On this episode of Broad & High, an artist profile: Dennis DeVendra, a blind woodturner. Also a look at Dangerdust, the anonymous chalk artist duo from Columbus College of Arts and Design, Helping Hands Center an arts & autism based in Clintonville, Petali Teas and D’Art the Gallery Kitty at Dublin Arts Council.
Artists from around the country take part in 46th Columbus Arts Festival
Even though temperatures ventured into the low 90s, thousands of spectators and artists gathered along the Scioto Riverfront for the first day of 46th annual Columbus Arts Festival.
“It’s a bode psaltery. It’s a very, very easy instrument to play,” Archie Smith said.
Smith is from Mount Pleasant, North Carolina. This is his fourth year at this festival. The bode psaltery could be described as a cross between a violin and a piano. Smith explained just how the handmade instrument works.
“You have 24 strings, and each string is tuned to its own note. And it’s laid out like a piano so it’s sort of like playing a piano with one finger except that you use the bode,” Smith said.
The instruments, which can run up to $1,000, are made out of different kinds of wood – some of them very exotic.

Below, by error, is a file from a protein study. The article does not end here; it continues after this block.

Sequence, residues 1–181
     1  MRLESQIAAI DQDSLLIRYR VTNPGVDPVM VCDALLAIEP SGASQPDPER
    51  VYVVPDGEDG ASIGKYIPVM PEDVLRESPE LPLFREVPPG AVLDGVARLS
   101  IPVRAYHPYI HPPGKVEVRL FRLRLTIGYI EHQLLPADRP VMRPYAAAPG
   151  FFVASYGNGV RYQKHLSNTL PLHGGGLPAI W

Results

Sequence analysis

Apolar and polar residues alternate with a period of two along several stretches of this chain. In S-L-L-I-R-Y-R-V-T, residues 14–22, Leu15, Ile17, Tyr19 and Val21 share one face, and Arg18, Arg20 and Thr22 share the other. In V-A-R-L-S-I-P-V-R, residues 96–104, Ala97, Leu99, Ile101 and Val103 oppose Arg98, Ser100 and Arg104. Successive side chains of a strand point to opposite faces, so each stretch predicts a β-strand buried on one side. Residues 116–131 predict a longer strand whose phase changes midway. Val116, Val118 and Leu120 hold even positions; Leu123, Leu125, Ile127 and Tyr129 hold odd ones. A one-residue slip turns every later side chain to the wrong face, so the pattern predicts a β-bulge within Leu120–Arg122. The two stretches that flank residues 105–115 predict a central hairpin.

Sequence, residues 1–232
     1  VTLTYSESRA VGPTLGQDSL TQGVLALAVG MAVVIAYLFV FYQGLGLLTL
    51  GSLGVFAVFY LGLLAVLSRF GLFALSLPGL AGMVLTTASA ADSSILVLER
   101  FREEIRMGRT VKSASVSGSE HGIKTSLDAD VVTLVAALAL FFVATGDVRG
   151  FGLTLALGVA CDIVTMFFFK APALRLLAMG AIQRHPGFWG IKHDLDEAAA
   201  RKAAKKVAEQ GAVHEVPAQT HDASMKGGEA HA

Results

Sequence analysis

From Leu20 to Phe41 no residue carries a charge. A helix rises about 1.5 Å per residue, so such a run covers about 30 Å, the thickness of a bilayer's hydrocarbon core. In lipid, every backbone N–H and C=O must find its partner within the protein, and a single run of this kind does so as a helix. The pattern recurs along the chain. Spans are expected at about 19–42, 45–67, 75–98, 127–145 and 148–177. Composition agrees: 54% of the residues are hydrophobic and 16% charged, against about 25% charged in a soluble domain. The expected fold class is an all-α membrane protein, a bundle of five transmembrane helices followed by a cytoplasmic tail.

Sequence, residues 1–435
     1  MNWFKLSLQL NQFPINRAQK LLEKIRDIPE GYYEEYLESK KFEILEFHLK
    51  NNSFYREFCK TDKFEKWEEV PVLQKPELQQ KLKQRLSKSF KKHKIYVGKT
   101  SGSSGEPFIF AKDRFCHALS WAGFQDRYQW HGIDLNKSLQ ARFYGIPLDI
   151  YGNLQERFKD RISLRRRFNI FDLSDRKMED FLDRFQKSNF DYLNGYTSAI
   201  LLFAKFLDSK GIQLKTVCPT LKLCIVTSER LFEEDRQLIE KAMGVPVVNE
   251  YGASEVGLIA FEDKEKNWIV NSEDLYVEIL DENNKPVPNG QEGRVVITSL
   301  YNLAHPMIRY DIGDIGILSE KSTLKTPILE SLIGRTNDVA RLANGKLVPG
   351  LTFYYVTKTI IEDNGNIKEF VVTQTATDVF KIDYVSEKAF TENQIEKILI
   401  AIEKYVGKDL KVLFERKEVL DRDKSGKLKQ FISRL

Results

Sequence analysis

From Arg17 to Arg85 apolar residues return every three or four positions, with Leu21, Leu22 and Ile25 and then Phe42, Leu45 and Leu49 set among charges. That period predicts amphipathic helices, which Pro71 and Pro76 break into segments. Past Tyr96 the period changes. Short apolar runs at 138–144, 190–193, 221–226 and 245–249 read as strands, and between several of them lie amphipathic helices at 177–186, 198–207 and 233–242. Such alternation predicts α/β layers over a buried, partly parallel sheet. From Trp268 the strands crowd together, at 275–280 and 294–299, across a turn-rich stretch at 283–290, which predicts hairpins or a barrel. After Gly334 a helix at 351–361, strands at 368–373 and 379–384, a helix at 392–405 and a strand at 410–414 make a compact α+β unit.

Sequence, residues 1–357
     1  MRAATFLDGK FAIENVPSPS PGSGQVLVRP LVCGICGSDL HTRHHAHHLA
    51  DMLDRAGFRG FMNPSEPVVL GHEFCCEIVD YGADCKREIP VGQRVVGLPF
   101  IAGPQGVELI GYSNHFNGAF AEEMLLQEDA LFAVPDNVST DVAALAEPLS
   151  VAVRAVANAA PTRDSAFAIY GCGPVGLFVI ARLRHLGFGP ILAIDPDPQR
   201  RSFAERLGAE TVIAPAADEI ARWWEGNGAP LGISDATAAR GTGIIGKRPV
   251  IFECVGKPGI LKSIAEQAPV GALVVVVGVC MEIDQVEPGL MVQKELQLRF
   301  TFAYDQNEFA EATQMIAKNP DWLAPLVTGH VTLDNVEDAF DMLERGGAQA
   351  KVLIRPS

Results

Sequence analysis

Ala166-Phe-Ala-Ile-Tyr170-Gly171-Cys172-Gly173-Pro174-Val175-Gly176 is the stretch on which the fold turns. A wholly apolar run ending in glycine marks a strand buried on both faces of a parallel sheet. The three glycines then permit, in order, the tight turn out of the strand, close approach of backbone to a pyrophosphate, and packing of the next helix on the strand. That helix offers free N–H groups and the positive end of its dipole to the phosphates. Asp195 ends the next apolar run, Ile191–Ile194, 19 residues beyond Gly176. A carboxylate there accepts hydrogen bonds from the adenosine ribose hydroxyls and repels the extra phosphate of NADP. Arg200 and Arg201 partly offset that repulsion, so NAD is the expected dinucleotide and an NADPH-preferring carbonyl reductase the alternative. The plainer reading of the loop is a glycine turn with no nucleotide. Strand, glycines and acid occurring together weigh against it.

“I don’t use any pine. I use some walnut. This one is a spalted maple and of course they’re all book matched. I’ll take a piece of wood, split it and lay it open so one half is the mirror image of the other. I’ve got quilted sapele which is African. I’ve got some curly koa, palmel, bubinga, oh, I’ve got some really unusual curly Yucatan ebony which I had never seen before. Curly zebra wood, lace wood; all different kinds,” Smith said.
Down from Smith’s tent is the husband and wife team Mitch and A.me Alamag. The couple and their dog, Twinkie, came all the way from Las Cruces, New Mexico to take part in the arts festival. A.me said she and her husband are the perfect pair. She’s into painting and Mitch is more into architecture.
A.me described how they work together to make their bright artwork.
“Mitch will build out of wood and he’ll give it to me and I’ll draw free form on it. Then he’ll go in and carve it out. Then he gives it back to me and I’ll paint it and elaborate it with, these are ceramic do-dads. That’s how it happens,” A.me Alamag said.
A.me said she and Mitch are like yin and yang; and their artwork reflects their relationship.
“On these frames he’s invented this whole way of texturing the frame. And everything he touches has a feeling of symmetry and evenness and balance. And everything I have has a feeling of chaos and disorder,” A.me Alamag said.
This is the second year the couple has been invited to the show.
The festival’s director, Katie Lucas, said it received more than 1,200 applications this year from around the U.S., Canada, England and Israel. Lucas says only 240 are invited to attend.
“There are some great recognized names here of artists who have been in our show for 15, 16 years. So there will be some very recognizable names: Bruce Piso, Steven Vaughn from Florida. But we also have 77 new artists this year which is just as exciting,” Lucas said.
Lucas said one of the main attractions right now is the huge Woolly Mammoth on Main Street that’s 18 feet long. The festival runs through the weekend.